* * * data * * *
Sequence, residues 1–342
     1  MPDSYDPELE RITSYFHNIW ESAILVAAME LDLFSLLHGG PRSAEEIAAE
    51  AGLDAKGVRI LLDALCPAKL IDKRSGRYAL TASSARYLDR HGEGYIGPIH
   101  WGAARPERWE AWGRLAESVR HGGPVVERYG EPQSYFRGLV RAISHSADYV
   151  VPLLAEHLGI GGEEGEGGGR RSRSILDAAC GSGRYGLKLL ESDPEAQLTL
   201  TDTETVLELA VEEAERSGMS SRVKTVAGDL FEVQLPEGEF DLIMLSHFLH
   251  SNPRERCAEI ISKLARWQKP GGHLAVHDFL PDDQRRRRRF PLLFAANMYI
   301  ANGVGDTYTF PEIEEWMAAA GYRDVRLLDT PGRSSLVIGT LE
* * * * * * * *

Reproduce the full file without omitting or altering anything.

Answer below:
Sequence, residues 1–342
     1  MPDSYDPELE RITSYFHNIW ESAILVAAME LDLFSLLHGG PRSAEEIAAE
    51  AGLDAKGVRI LLDALCPAKL IDKRSGRYAL TASSARYLDR HGEGYIGPIH
   101  WGAARPERWE AWGRLAESVR HGGPVVERYG EPQSYFRGLV RAISHSADYV
   151  VPLLAEHLGI GGEEGEGGGR RSRSILDAAC GSGRYGLKLL ESDPEAQLTL
   201  TDTETVLELA VEEAERSGMS SRVKTVAGDL FEVQLPEGEF DLIMLSHFLH
   251  SNPRERCAEI ISKLARWQKP GGHLAVHDFL PDDQRRRRRF PLLFAANMYI
   301  ANGVGDTYTF PEIEEWMAAA GYRDVRLLDT PGRSSLVIGT LE